June 1, 2007
Winsted grandparents understand grandson's grief
By Linda Scherer
It has been six years since Leonard and Irene Rozeske of Winsted learned that their son Bob suffered a fatal heart attack.
The tears still come easily as Leonard and Irene talk about the shock of hearing the news about their son for the first time. But the story they want to share is the succcess Bob’s son, Thomas has made since then.
A shopping trip Thomas made with his father and younger sister, Madeline, July 6, 2001, ended with unexpected tragedy that changed their lives forever. The three of them had set out that day to find the perfect birthday present for their mother.
They were in a store parking lot getting ready to leave.
“All of a sudden, Bob grabbed his chest and the car was going forward in the parking lot,” Irene said. “Madeline shut the car off and Thomas turned the steering wheel so the car wouldn’t hit a post.”
“Just think if they had been on the road. We could have lost all of them,” Irene said.
Thomas entered seventh grade that fall. He struggled with the loss of his father.
“We had kind of a rough time after that. There was no leading up to it or anything,” Thomas said.
“There were a lot of times that I just didn’t know what to do anymore,” he said.
But instead of giving up, Thomas called on his support system. Family members and friends helped him deal with the loss, while still keeping up with his studies.
After four years of high school his school counselor in Eau Claire, Jane Adlercorning, calls him resilient. “He just has a very mature outlook. Some of the things in his past that kids his age might use as a crutch, he uses as a stepping stone to greater things,” Adlercorning said.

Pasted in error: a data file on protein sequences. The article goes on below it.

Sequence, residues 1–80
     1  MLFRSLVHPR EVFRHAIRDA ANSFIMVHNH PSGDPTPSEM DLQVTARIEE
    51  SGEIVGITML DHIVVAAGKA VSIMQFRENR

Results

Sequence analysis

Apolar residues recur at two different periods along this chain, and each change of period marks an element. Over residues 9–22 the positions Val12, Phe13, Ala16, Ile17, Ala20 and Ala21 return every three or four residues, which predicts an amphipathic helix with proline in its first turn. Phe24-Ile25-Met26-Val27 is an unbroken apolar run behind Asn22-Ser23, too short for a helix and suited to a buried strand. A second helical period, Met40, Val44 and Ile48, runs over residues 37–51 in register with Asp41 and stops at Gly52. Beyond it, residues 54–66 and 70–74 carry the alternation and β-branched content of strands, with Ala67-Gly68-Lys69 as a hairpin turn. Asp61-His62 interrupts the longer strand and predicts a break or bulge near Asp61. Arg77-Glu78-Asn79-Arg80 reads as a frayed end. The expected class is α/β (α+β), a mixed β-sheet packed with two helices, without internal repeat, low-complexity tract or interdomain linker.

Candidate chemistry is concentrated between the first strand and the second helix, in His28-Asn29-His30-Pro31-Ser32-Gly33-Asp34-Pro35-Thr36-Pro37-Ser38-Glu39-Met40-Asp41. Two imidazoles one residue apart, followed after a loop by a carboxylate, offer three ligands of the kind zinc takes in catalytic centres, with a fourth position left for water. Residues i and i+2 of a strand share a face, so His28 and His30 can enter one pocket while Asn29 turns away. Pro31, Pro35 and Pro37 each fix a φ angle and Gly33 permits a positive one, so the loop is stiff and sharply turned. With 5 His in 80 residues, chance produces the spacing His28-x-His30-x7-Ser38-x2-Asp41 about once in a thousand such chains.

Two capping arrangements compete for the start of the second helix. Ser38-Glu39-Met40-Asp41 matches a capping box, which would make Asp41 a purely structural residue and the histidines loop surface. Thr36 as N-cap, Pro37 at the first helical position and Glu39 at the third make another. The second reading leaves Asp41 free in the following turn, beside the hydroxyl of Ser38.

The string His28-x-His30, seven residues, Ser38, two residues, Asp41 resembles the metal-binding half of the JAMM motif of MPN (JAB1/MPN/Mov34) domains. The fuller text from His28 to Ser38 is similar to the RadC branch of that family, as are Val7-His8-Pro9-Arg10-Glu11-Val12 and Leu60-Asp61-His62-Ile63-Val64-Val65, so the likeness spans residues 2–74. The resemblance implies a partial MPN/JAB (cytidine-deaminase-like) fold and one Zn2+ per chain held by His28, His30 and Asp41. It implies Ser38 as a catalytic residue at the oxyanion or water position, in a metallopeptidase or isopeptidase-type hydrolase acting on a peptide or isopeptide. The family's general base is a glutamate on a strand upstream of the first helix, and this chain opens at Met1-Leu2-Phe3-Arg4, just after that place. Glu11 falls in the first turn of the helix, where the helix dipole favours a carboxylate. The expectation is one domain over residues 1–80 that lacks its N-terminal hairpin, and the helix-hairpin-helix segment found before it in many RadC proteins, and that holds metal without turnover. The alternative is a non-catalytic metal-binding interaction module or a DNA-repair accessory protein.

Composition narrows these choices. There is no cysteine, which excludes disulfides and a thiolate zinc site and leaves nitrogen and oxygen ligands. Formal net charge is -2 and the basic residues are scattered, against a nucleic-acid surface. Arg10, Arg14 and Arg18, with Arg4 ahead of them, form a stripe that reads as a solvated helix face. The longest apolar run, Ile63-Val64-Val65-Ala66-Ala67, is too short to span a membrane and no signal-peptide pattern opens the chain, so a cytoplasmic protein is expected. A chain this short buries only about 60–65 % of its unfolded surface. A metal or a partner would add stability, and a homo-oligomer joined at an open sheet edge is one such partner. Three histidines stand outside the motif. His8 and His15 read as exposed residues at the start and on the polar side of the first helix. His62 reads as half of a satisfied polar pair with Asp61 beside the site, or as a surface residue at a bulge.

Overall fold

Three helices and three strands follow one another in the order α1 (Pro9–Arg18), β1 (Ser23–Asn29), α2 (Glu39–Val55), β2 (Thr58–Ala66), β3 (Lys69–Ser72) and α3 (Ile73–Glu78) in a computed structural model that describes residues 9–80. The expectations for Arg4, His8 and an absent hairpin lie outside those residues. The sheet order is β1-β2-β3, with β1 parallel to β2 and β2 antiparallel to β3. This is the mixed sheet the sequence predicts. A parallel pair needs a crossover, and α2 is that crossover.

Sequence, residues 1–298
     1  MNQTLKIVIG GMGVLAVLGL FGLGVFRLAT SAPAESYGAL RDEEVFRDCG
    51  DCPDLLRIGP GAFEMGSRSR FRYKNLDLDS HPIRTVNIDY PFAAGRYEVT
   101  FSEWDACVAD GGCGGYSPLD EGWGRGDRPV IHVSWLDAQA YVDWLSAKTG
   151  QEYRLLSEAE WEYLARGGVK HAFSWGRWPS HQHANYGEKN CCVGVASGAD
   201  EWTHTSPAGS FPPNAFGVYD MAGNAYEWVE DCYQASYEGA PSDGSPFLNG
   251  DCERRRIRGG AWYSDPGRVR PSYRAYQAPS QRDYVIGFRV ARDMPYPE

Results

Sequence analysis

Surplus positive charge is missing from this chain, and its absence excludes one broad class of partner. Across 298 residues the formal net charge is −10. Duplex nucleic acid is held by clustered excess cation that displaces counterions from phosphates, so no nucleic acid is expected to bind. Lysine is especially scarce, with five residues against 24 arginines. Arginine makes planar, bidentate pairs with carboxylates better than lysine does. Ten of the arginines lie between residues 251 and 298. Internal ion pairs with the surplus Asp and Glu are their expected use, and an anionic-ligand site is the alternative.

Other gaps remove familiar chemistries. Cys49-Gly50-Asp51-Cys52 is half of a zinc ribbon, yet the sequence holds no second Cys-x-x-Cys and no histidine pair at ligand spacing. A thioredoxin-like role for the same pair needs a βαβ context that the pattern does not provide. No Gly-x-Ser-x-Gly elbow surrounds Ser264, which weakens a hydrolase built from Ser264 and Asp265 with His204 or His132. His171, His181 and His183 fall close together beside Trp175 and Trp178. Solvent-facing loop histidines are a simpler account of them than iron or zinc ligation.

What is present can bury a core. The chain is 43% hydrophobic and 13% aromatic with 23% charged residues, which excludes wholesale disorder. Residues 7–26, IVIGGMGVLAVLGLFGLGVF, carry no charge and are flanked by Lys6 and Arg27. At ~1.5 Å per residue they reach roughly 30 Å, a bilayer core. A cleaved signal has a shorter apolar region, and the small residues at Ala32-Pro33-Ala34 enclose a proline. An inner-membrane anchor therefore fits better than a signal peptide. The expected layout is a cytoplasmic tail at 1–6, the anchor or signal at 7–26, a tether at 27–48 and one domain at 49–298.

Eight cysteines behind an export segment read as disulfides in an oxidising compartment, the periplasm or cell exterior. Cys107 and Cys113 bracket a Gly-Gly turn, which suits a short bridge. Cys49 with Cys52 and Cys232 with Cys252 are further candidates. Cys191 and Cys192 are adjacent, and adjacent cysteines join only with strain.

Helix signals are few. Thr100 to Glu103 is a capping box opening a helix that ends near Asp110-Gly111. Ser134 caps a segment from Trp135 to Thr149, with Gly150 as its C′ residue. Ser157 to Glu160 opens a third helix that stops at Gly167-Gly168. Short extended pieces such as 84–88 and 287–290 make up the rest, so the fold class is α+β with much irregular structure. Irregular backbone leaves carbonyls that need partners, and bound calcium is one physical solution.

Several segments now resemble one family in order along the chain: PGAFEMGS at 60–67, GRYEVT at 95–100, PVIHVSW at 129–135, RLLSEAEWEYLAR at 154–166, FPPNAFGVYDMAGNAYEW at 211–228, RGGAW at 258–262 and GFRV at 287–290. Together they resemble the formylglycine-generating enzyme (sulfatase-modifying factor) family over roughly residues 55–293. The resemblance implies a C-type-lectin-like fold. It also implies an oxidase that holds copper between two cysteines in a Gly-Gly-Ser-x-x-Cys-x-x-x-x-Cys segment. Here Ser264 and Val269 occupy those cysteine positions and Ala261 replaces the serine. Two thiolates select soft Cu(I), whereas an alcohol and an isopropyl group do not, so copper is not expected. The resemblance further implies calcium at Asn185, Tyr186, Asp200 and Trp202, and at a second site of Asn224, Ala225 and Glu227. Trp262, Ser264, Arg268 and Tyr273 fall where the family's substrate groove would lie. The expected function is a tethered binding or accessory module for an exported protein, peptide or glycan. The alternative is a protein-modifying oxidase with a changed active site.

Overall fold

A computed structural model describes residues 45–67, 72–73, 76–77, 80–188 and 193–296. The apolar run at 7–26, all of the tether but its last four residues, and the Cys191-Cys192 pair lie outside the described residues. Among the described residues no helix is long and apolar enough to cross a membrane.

As a freshman, Rozeske was placed in the school’s program for learning-disabled students. Today, he no longer needs those services. “He found strategies that worked and was able to overcome that,” Adlercorning said. “He really pushes himself and has taken advanced placement and other really quite rigourous courses.”
Thomas spent four years on the cross country, and swimming and diving teams. He also played the French horn in band and helped start an ultimate Frisbee club. This year, Rozeske joined student council and serves as the senior class co-president.
Leonard and Irene give a lot of credit to Thomas’ mother, Pat (Wroge) Rozeske, originally from Lester Prairie, and her mother, Betty Wroge, for being part of Thomas’ support group.
Last weekend, Thomas graduated from high school with plans to attend the University of Minnesota Duluth and major in psychology.
Leonard and Irene have had their share of tragedy
Bob’s death was the second time Leonard and Irene had received unexpected and tragic news. The Rozeskes lost their son, Gary, in 1969, in a work-related accident, when he was only 19 years old.
Leonard recalls the morning Gary left for work just like it was yesterday. Gary had asked Leonard if he should stay home and help pick corn or if he should go to work.
“I told him, ‘It is up to you. You are going to college and need the extra bucks, so if you want to go to work go ahead.’ He went to work and never came back,” Leonard said.
Like their grandson, Leonard and Irene have managed to become resilient, too.
“You have to keep busy,” Leonard said. “We have had a good marriage outside of losing our two boys. We have a wonderful family, and wonderful neighbors and friends.”
They have been married for 58 years.
Leonard and Irene have two other sons. John is married to Darla and lives in Mankato. Jim is married to Lori and they live in Waverly with their two sons, Adam and Jackson.
Some of the information for this article was taken from the Eau Claire Leader-Telegram.